thanks Digital foundry; We learned about the new 2.0 firmware update for PlayStation 5 in advance, which unlocks all the features of its built-in M.2 NVMe expansion slot, allowing anyone to use up to 4TB of NVMe storage to upgrade their PS5. Once this update is online, you will no longer be trapped by the relatively small 650GB internal SSD of the PS5.
For this preview, Digital Foundry only tested one SSD, which is 500GB Samsung 980 Pro Because it is one of them The best solid state drive On the market and eliminates the need for expansion slots Minimum requirements, Detailing PCIe Gen 4 drives and 5500MB/s or higher read speed.
Another requirement is to add a built-in heat sink to any NVMe SSD that enters the expansion slot, because its location is isolated from the PS5 cooling fan to prevent any fresh air from entering the M.2 slot. This is completely different from the M.2 SSD installed on the PC. Due to the PC’s chassis fan, the M.2 SSD almost always has passive airflow through the drive.
Since the Samsung 980 Pro is not equipped with a heat sink, Digital Foundry added a custom Aorus copper heat sink to the drive before plugging it into the PS5. But for testing purposes, Digital Foundry also tested the drive without a heat sink to see if there were any measurable performance differences.
The requirements of the 4th generation are quite high, but it is necessary for the performance of PlayStation 5 games. Most PS5 games rely on dynamically streaming assets into the game, which requires a lot of speed and bandwidth from the storage drive.
This is why a much slower external storage solution that allows PS4 backward compatible games to run via USB connected to the console, because PS4 games usually load all their assets into the system RAM before performing any other operations.
In order to test the drive, Digital Foundry conducted a test Ratchet and Clank: Rift Valley Because the game creatively uses portals that allow Rachet to instantly move from one location to another, it is considered one of the most densely stored games on PS5.
Digital Foundry found that Samsung 980 Pro can drop more than PS5’s internal storage with less FPS when passing through the portal. These FPS drops are very small, only one or two FPS, but it is enough to make the 980 Pro ahead of the PS5’s built-in SSD, giving it a slight advantage.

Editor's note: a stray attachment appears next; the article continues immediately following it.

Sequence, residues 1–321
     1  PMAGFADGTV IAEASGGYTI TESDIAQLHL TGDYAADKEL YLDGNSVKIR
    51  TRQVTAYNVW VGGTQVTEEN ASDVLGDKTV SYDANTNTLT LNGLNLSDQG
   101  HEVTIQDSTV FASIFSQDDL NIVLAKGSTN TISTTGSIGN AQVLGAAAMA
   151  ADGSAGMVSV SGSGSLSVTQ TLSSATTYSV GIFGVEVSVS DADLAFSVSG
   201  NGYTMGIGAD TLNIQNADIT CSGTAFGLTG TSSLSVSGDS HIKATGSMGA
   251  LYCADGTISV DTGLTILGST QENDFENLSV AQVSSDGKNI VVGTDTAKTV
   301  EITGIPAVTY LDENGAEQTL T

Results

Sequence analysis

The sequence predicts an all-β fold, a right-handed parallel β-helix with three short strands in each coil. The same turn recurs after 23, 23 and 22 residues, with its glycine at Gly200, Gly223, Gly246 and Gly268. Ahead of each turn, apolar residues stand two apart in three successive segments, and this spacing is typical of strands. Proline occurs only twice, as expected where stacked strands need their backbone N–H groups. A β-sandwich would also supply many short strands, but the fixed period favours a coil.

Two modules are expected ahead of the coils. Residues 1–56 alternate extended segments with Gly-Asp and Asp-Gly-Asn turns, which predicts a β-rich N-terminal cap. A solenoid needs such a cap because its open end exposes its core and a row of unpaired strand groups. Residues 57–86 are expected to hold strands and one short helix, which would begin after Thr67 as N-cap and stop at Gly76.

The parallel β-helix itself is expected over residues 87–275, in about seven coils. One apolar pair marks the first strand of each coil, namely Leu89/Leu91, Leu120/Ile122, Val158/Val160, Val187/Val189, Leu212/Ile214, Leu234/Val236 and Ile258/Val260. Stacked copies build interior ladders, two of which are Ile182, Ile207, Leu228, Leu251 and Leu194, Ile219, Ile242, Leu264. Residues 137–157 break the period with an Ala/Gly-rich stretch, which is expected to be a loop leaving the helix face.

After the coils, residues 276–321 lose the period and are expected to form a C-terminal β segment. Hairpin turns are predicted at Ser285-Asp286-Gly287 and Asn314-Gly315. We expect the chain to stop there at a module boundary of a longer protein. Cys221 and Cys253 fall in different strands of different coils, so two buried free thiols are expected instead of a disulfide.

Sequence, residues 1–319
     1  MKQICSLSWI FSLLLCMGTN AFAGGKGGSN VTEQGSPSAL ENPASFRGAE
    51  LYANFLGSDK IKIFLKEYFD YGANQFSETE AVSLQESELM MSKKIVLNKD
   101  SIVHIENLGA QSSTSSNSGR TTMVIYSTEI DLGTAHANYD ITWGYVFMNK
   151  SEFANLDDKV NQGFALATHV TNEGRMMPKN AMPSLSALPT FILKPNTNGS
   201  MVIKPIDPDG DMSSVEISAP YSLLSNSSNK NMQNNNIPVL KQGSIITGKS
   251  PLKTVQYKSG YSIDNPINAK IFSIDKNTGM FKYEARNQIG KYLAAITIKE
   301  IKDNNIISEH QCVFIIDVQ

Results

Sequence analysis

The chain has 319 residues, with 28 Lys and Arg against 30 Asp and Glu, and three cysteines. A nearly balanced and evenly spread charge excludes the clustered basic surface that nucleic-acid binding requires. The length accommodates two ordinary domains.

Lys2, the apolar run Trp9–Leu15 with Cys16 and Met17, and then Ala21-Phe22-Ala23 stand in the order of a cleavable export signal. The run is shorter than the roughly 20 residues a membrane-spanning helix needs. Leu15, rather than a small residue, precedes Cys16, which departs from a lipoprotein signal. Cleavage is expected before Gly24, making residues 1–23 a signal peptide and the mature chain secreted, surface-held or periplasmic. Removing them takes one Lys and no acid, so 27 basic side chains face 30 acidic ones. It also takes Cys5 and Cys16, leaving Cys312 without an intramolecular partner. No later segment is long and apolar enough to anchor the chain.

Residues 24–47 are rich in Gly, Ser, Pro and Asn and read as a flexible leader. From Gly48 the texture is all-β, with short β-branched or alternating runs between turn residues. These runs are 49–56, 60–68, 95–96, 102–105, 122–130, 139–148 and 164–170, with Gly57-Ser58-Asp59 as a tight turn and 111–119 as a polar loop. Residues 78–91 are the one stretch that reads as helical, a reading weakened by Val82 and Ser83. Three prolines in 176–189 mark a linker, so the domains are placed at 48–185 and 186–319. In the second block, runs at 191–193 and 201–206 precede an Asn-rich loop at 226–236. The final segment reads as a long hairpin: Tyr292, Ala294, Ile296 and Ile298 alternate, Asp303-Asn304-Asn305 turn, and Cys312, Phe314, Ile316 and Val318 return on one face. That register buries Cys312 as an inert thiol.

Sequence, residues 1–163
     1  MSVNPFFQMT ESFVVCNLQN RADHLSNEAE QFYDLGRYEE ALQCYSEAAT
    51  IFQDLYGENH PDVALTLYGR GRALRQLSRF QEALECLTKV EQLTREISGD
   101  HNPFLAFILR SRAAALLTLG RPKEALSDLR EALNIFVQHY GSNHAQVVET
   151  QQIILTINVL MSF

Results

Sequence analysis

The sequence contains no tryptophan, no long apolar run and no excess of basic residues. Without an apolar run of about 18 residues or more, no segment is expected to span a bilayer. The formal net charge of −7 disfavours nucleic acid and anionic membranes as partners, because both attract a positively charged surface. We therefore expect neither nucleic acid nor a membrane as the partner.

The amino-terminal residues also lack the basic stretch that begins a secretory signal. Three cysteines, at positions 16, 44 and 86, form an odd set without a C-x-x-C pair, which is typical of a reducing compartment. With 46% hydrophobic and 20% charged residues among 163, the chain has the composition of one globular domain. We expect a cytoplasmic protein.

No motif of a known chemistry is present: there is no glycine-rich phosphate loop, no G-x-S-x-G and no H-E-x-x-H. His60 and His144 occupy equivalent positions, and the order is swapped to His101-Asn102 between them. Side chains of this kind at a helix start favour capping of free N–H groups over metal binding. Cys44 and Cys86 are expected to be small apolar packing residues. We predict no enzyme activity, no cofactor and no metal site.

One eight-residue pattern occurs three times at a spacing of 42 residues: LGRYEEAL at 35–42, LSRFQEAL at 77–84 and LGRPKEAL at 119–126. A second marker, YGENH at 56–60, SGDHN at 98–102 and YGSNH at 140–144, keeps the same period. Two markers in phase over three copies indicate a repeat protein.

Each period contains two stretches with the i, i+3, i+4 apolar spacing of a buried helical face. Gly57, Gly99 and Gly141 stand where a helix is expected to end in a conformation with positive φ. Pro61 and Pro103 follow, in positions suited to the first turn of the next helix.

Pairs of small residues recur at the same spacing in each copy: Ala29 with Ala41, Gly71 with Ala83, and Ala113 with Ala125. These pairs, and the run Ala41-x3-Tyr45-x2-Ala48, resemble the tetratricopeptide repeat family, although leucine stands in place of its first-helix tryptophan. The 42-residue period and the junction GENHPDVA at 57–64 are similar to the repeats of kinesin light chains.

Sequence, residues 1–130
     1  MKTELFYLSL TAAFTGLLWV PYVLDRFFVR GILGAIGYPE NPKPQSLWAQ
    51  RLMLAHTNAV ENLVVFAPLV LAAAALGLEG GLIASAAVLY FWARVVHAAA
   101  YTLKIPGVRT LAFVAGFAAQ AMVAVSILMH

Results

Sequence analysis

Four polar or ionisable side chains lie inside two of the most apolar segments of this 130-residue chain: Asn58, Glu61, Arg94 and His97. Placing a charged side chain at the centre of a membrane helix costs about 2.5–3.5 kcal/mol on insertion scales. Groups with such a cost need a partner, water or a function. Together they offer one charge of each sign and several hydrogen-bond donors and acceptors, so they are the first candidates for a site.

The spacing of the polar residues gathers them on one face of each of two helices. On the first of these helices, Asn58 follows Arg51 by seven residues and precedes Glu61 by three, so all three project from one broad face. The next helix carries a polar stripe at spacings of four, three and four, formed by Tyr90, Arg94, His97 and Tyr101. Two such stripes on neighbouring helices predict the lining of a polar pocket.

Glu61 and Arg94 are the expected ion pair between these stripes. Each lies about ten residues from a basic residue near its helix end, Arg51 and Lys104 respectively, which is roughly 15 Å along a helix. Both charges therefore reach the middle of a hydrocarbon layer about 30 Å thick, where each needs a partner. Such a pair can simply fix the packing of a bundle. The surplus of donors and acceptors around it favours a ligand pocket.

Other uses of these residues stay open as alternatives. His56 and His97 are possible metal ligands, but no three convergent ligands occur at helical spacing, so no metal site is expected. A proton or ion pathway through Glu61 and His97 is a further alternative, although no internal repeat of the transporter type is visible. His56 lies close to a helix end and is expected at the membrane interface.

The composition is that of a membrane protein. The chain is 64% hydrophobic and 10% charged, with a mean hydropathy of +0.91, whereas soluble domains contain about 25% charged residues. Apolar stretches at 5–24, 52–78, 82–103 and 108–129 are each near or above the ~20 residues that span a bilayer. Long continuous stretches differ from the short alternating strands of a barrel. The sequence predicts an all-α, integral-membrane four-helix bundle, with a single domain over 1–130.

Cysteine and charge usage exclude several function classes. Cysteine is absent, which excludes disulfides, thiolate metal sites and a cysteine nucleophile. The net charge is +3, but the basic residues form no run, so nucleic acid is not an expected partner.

Next, the 980 Pro was tested on many PS4 and PS5 games to test game loading time. Overall, the 980 Pro proved to be slightly ahead of the PS5’s built-in SSD when loading PS4 backwards compatible games (such as The Witcher 3, Cyberpunk 2077, Final Fantasy 15 and Fallout 4), a few seconds faster.
However, PS5 specific games tested by Digital Foundry found that the performance is the same as or worse than the built-in drive. Battlefield V shows that the load time performance is swapped between the two drives, and the built-in storage is a few seconds faster than the 980 Pro. But for Jedi Fallen Order, the load time between the two drives is the same.
Surprisingly, the 980 Pro performed very well when the radiator was abandoned. The loading time is usually comparable to the PS5’s built-in SSD, only a little slower than the 980 Pro with a heat sink. However, these are only loading times, so we are not sure if the 980 Pro will overheat when actively used in games.
Digital Foundry finally tested the internal game transfer between the two drives, and the results of the two drives were significantly different. Moving the 100GB game Cyberpunk 2077 from the internal SSD to the 980 Pro resulted in a completion time of only 1 minute and 11 seconds. Up to 1.42 GBps transfer speed.
When moving the same game from the 980 Pro to the internal SSD, the results are quite different, resulting in a transfer time of 7 minutes and 18 seconds. This is equivalent to a transfer speed of only 230 MBps, which is only faster than a 7200RPM hard drive.
We don’t know why moving the game to the internal SSD is so slow, but we suspect this may be a bug with the new firmware, as it is still in the testing phase.
Either way, it is great to see that Sony is now committed to enabling PS5 expansion slots for all game consoles, allowing gamers to use more than 600GB of drive space to play PS5 exclusive games without making any compromises.